In the case of Vuolanne v Finland, the UN Human Rights Committee stated that in the case of detention for breach of military discipline, a superior military officer cannot fulfil this role: it must be undertaken by either a civilian or a military court.101 The European Court, in the case of Engel and others v Netherlands, confirmed that in the case of the detention of military personnel, habeas corpus proceedings may be conducted by a military court.102
Requirement for an independent body to be able to make a binding decision
As will be seen in chapter 12 below, a body can only be considered a ‘court’ or a ‘tribunal’ if it can make a binding decision that cannot be changed by the executive. This is equally true for the term ‘court’ in relation to habeas corpus proceedings. Thus, in the case of Chahal v United Kingdom, which concerned the detention with a view to deportation of a person suspected of terrorist offences, the need for detention was reviewed by an ‘advisory panel’. The European Court held that as this panel could only give advice to the Home Secretary, so that its view was not binding on the executive, this did not fulfil the requirements of Article 5, paragraph 4.
In addition to this formal requirement, the European Court has stressed that the review must be a genuine appraisal and not a mere formality. In the case of Sakik v Turkey, persons detained in police custody for separatist activities could, under the Constitution, have taken proceedings before a judicial authority which could order their release if the detention was unlawful. The European Court accepted the argument of the applicants that this theoretical remedy had never been successfully used, and thus there had been a violation of Article 5, paragraph 4.103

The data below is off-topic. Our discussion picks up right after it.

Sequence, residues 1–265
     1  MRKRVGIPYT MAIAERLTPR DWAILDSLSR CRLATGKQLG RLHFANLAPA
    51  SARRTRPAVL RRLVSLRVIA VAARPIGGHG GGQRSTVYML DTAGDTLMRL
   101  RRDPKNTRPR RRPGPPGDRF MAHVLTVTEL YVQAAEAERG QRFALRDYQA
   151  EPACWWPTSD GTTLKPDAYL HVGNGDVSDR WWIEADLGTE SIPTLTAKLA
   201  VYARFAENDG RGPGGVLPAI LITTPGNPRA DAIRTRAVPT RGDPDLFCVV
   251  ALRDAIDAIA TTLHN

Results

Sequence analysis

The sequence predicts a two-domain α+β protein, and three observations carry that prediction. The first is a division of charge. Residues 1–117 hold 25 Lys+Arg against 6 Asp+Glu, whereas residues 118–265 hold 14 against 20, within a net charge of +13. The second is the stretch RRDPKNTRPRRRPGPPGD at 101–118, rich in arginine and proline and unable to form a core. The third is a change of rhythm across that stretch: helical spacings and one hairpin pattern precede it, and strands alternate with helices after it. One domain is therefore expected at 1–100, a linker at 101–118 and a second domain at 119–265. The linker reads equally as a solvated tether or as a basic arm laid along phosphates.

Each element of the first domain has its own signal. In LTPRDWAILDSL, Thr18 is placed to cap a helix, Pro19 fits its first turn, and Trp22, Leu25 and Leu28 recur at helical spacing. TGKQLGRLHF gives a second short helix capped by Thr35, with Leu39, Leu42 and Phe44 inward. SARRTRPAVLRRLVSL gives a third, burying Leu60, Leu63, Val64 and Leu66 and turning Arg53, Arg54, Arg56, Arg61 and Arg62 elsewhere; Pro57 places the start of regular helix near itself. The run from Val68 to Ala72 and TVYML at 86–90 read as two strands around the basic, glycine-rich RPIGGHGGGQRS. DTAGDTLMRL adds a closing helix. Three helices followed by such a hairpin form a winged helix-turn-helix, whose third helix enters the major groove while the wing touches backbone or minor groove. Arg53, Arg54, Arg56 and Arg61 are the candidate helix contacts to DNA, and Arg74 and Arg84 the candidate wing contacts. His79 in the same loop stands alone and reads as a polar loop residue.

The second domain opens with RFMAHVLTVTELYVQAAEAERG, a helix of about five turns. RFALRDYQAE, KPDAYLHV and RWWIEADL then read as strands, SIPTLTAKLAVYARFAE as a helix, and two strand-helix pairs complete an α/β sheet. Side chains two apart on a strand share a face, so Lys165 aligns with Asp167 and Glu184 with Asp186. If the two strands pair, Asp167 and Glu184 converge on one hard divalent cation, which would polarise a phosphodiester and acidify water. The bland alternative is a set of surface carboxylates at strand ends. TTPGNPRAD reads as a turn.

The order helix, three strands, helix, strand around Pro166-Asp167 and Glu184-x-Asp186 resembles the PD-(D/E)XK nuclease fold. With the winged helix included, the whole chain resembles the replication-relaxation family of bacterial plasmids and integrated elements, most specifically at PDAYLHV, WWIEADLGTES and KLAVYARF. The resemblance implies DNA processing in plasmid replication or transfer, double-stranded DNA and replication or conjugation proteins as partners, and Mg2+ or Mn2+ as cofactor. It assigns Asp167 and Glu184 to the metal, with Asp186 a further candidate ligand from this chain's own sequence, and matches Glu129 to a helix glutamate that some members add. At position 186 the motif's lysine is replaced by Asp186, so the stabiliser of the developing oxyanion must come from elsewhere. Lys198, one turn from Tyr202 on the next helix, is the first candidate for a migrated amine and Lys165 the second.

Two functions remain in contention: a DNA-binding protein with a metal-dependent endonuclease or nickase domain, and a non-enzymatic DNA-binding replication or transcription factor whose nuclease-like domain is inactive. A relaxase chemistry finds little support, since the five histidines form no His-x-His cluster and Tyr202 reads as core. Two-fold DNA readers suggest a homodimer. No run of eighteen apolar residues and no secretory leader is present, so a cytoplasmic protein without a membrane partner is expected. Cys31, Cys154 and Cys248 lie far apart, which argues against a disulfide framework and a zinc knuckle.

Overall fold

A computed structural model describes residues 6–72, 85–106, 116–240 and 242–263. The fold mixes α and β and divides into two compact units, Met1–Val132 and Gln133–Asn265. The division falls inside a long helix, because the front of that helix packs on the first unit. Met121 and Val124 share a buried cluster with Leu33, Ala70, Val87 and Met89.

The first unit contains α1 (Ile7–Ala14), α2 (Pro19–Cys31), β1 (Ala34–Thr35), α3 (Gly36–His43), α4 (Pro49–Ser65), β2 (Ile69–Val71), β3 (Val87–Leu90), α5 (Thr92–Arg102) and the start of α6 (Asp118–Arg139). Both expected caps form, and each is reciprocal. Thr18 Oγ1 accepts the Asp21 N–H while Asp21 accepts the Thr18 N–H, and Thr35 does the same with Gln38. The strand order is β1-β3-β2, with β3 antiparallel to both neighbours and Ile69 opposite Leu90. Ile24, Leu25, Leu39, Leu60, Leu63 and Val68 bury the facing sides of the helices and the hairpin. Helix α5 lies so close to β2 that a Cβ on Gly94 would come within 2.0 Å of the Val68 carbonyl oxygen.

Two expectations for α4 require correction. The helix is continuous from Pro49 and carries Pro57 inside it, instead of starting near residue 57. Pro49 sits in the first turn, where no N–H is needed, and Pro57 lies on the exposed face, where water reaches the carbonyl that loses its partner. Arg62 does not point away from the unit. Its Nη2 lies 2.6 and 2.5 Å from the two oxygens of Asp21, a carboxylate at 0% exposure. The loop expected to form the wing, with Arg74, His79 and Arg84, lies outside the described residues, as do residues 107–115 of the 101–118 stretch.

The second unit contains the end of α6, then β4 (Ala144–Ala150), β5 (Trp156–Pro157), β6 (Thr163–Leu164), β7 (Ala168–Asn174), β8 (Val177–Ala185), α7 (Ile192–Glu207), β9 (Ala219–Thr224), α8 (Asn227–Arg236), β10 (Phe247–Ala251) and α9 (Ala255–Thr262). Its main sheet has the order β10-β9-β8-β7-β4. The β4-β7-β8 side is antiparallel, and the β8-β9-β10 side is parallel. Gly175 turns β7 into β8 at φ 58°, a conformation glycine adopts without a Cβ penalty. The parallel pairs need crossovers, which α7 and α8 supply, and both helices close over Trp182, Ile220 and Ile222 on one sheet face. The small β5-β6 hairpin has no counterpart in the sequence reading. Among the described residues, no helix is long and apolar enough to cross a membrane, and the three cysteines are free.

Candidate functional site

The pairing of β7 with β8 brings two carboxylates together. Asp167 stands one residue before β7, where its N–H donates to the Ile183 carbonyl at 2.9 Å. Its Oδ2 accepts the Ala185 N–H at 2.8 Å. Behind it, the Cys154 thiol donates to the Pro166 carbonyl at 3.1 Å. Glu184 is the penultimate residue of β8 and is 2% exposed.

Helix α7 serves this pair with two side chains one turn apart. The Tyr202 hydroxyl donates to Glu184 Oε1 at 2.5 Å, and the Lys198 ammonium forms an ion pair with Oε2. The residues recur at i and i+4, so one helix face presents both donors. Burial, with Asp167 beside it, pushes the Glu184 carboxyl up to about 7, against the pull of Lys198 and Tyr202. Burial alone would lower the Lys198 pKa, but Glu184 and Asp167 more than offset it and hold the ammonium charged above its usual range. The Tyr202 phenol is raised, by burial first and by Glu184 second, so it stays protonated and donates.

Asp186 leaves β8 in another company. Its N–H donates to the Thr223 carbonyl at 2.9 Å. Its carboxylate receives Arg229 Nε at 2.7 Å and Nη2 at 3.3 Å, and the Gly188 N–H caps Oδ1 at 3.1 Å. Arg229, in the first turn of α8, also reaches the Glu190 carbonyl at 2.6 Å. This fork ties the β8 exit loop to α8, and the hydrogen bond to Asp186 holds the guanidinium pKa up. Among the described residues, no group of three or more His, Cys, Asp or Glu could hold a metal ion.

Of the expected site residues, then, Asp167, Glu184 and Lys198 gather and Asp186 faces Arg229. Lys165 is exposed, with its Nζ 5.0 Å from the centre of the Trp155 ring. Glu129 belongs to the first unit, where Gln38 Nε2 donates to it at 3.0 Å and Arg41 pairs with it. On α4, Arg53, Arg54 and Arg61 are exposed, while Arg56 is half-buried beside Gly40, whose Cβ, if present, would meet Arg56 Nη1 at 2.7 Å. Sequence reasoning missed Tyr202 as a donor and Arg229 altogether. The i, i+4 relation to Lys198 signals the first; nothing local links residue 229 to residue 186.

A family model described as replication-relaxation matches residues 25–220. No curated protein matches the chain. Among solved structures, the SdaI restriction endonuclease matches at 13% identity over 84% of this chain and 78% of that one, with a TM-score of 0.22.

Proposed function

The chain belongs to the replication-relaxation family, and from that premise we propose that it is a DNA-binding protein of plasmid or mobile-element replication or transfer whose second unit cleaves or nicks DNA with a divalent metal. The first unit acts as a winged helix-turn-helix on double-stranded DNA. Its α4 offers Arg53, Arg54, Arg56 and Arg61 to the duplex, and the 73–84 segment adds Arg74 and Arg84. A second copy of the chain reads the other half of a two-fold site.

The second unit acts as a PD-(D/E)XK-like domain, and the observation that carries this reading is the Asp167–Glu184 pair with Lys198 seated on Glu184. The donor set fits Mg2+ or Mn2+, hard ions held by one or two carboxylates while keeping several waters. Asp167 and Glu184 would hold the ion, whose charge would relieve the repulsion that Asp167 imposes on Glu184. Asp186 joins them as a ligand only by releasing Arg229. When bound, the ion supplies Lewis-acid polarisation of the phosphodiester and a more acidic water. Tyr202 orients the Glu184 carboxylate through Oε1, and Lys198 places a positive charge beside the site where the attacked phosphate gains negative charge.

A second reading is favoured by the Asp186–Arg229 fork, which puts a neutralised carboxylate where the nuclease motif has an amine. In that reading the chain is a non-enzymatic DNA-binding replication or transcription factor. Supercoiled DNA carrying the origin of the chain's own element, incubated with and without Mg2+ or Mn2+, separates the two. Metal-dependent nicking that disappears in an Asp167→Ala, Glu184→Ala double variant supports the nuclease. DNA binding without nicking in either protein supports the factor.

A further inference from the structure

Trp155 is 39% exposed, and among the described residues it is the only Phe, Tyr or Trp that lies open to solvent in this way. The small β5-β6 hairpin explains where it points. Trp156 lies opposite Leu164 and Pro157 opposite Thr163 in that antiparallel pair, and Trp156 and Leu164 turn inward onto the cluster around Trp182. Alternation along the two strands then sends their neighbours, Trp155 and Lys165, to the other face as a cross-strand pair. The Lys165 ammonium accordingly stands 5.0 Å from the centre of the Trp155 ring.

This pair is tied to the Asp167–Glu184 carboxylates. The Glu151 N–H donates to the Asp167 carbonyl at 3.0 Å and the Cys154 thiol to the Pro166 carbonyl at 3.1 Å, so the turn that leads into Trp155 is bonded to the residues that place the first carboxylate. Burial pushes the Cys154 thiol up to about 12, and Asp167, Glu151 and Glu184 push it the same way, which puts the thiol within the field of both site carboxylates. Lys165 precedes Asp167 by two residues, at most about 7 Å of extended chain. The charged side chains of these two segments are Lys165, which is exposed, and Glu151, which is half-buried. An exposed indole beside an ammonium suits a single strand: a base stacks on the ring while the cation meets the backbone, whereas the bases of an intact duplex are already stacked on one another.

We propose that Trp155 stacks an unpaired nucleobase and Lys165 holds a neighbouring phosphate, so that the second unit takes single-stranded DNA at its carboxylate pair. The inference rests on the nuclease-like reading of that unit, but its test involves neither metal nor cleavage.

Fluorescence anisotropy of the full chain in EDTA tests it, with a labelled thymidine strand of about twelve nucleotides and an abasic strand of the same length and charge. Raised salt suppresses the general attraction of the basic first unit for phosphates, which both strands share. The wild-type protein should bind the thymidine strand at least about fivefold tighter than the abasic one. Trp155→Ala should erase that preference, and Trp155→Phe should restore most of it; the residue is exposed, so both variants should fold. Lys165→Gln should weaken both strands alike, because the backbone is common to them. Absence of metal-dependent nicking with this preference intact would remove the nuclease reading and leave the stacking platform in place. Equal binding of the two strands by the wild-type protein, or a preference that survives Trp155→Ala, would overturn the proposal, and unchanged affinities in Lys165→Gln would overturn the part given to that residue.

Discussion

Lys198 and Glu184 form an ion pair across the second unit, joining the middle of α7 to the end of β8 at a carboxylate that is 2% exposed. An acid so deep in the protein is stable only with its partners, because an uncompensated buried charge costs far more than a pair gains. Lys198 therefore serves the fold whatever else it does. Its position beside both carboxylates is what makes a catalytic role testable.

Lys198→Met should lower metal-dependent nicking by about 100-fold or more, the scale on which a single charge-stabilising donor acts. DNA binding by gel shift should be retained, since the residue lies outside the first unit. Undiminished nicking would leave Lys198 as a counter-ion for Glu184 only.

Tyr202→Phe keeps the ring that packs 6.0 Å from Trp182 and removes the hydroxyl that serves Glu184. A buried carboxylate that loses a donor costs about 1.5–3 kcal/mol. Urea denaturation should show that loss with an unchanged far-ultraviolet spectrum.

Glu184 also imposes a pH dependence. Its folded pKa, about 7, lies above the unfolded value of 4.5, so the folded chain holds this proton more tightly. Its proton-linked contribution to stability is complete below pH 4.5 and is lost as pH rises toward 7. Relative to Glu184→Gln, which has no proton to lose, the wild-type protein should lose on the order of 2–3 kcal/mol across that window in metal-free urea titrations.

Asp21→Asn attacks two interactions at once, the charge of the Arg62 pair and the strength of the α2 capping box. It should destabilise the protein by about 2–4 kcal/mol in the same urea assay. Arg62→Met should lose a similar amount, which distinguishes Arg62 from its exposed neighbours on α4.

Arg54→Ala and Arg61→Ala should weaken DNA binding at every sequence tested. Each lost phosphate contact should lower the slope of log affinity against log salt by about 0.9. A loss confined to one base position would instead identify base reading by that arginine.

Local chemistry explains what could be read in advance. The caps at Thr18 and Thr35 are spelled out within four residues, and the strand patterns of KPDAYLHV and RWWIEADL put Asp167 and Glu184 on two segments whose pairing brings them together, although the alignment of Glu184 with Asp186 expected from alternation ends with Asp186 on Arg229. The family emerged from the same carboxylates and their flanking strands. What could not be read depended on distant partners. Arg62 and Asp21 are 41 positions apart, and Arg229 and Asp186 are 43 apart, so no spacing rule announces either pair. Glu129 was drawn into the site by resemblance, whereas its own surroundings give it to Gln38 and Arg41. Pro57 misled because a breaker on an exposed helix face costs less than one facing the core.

The requirement that this appraisal be conducted by an independent court was similarly stressed by the African Commission in the case of Amnesty International et al v Sudan. In that case, persons arrested under a state of emergency could only appeal their detention to the same body whose president ordered the arrests. The Commission found a violation of Article 6 ACHPR on the basis that this so-called remedy was ‘more akin to an appeal for clemency than a judicial appeal’.104
Evaluation of ‘lawfulness of detention’ not limited to national law
A very important issue is whether a court is limited to evaluating the lawfulness of detention in a technical sense only, irrespective of whether detention is actually reasonable.
An important case in this respect is that of A v Australia. This concerned legislation that provided for the automatic detention of persons arriving in Australia without documentation. The legislation defined such persons as ‘designated persons’. The author of the communication had applied for refugee status and was kept in detention in various places without access to legal aid for most of the time. Habeas corpus proceedings limited References(p. 273) the role of the courts to the question of whether such persons fell within the definition of ‘designated person’, and not the merits of their continued detention. The UN Human Rights Committee stated that the purpose of Article 9, paragraph 4 ICCPR (supervision of lawfulness of detention) requires a State to release a person if the detention is incompatible with Article 9, paragraph 1, ie if it is arbitrary. A review cannot be a mere formality and limited to compliance with domestic law, but must evaluate whether the detention is not arbitrary in nature. It therefore found a violation of Article 9, paragraph 4.105